In an article posted in Entomology Today, science writer-educator Leslie Mertz wrote that the team is "building a publicly available, online adjunct to the newly published key that uses menus of distinguishing characteristics, as well as illustrations and photographs. They hope to have the online key up and running in 2021.”
Entomology Today publication, "Big, Beautiful, and Confusing: Deciphering the True Hornets"
- Author: Kathy Keatley Garvey
If you're the kin of Emily Bick, you take her to the Broadway stage musical, Beetlejuice, in New York City. They knew she'd be interested because (1) she's an entomologist (2) she enjoys entomology-themed shows and (3) she previously reviewed another play, “An Entomologist's Love Story,” which Entomological Society of America (ESA) published on its Entomology Today website. That piece drew rave reviews.
So, in keeping with her newly acquired “entomological theater critic credentials,” Bick reviewed Beetlejuice. Entomology Today published her piece today (Sept. 20.)
“I entered the experience knowing little about the shop but with high hopes for its entomological potential since its name appeared to reference Order Coleoptera's common name,” wrote Bick, an agricultural entomologist who will begin a postdoctoral position at the University of Copenhagen this fall.
She began with: “Like a caterpillar recently exposed to juvenile hormone, the insect-themed potential for the musical Beetlejuice was high but never quite metamorphosized.”
Bick noted there were several entomological references, including “two Scarabaeidae camouflaged within the black and white stripes” on the playbook cover.
“While writers opted for entomology appropriate spelling in both the title and song, the stage curtain listed the name as Betelgeuse,” she wrote. “This entomologically named character mentions a few throw away references to insects including describing his alarming goal of house haunting—by saying ‘frightened as a fly.'”
One character “was threatened with having teeth transformed into scorpions—an arthropod but not an insect,” Bick pointed out. “The demon-transformed house was decorated with chairs the spitting image of Tortoise beetle larvae (Coleoptera: Chrysomelidae, tribe: Cassidini) and a statue that reminded me of many immature Lepidopterans.”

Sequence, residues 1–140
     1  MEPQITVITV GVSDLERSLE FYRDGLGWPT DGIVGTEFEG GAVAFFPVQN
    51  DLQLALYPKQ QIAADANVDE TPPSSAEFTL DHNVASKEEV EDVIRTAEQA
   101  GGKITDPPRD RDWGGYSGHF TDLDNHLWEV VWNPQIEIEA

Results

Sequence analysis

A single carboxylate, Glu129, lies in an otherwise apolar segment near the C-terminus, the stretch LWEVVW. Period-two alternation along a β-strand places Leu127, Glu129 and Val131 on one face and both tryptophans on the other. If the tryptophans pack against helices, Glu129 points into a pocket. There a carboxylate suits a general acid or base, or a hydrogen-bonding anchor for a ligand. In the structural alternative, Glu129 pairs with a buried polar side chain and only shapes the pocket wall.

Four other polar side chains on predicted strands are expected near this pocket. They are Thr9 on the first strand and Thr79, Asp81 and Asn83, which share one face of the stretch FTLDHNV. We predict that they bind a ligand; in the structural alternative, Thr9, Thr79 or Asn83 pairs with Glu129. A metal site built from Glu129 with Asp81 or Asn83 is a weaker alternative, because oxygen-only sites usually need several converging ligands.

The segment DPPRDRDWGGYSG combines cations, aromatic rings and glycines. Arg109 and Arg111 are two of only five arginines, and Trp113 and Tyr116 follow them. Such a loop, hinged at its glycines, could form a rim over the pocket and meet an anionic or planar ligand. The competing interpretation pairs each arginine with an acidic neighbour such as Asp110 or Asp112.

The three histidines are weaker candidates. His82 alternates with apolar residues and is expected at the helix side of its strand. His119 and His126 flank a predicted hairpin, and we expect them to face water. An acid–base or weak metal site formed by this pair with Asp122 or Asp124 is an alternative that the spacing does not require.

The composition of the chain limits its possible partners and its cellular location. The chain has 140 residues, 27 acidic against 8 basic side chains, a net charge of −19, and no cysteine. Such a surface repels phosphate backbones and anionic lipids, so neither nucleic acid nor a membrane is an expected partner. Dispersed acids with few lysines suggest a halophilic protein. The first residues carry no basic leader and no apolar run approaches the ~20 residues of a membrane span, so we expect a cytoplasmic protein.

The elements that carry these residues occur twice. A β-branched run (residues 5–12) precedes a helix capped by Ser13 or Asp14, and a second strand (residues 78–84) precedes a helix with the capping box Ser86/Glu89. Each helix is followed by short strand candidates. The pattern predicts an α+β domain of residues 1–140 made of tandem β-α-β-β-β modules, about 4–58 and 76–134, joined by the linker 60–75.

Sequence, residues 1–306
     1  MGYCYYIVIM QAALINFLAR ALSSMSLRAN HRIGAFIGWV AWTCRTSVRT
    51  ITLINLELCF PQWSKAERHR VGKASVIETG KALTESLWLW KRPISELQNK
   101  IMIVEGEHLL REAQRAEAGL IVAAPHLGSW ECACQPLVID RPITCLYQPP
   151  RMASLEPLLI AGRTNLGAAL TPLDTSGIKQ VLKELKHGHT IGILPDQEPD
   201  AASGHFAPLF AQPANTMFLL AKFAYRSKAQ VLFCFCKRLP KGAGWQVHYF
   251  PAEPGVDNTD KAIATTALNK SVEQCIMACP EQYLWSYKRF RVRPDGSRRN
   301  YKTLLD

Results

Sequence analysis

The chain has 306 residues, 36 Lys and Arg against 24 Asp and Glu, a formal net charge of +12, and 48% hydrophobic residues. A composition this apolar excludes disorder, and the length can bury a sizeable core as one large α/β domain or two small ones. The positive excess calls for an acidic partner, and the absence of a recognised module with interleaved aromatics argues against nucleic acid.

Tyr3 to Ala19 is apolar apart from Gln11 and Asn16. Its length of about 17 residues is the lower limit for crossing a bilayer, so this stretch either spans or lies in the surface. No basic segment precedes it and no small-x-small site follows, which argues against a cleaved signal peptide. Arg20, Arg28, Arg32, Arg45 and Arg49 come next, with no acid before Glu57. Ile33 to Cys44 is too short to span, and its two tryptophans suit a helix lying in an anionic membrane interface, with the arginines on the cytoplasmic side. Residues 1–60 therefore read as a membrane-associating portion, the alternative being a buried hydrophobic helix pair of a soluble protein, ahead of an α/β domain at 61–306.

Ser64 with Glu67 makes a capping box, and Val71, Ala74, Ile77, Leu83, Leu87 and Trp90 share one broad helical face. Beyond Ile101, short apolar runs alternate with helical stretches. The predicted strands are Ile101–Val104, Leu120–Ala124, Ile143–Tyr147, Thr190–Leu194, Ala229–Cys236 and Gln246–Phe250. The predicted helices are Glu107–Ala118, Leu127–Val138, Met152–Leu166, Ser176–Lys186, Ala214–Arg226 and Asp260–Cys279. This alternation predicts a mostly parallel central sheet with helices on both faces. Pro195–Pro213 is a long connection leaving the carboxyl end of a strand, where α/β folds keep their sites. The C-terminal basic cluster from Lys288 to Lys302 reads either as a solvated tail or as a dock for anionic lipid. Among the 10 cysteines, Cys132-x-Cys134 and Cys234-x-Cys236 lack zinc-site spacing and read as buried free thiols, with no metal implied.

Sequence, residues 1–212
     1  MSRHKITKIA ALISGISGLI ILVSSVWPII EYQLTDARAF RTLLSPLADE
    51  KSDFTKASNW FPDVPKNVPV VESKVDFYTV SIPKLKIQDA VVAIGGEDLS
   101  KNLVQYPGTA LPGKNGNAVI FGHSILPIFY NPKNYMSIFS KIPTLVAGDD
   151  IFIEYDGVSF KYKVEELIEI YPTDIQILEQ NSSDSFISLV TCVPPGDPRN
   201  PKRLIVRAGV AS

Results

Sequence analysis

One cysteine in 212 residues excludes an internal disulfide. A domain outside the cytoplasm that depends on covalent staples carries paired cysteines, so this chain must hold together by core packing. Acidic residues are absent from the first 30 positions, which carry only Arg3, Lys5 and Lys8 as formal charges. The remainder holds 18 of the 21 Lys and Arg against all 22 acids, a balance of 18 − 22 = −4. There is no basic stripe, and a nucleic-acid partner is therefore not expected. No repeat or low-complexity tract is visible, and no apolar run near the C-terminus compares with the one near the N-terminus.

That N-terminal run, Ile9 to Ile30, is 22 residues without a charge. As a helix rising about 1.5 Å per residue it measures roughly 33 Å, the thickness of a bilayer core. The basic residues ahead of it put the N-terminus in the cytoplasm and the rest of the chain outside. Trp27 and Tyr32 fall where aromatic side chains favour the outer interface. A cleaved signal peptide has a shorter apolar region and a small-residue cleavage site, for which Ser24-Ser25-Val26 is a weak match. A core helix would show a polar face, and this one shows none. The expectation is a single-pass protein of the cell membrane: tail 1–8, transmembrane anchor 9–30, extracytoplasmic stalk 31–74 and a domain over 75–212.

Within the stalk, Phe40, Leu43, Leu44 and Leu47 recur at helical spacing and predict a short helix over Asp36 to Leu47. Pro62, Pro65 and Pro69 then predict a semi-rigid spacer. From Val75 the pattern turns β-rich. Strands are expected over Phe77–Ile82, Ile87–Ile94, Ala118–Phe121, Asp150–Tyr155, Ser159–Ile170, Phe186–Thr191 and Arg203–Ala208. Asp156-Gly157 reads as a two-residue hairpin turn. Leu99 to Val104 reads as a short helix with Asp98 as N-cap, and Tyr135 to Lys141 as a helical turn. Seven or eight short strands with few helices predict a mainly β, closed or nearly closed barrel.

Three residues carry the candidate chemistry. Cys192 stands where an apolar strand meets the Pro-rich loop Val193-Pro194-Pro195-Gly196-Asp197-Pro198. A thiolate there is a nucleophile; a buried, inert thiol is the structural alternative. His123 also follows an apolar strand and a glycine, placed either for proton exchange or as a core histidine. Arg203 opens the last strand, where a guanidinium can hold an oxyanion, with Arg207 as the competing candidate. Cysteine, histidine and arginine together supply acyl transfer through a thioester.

“However, insect references were always used to enhance the macabre theme, rather than as an independent topic. The musical was about death, a subject of which insects have a long association with. This association is likely due to the progression of insect colonization on an animal corpse—a process so predictable, forensic entomology is often used to determine the time of death of the recently deceased. Their correlation was expanded in the era of sideshows which featured insects as bizarre. I found myself wistfully thinking of all the places insects could be used (e.g., every reference to decomposing), rather than simply propping up the ghoulish atmosphere.”
Although the show lacked insect credibility, she found the show incredible. “It was hilarious, clever, attuned to the times, and visually stunning, and the ‘goth' character Lydia (played by 18-year-old Sophia Anne Caruso) completely stole the show. Yet, judged on entomological criterion, Beetlejuice fell short of its potential.”
The Broadway stage musical is based on the film, Beetlejuice, the 1988 American fantasy-comedy-horror film directed by Tim Burton (Pee Wee's Big Adventure). It is about "a deceased couple who try to haunt the new inhabitants of their former home and call for help from a devious bio-exorcist ghost named Betelgeuse (pronounced "Beetlejuice"), who is summoned by saying his name three times," according to Wikipedia.
Bick holds three degrees in entomology: a bachelor's degree from Cornell University, Ithaca, N.Y., and a master's degree and doctorate from UC Davis. She is a Board Certified Entomologist (with specialties in plant-insect and medical and veterinary entomology), awarded by ESA. While at UC Davis, she was active in the Linnaean Games and helped two teams win national championships. ESA describes the Linnaean Games as "a lively question-and-answer, college bowl-style competition on entomological facts played between university-sponsored student teams."
(Entomologist-theatre critic Bick may be reached at email@example.com.)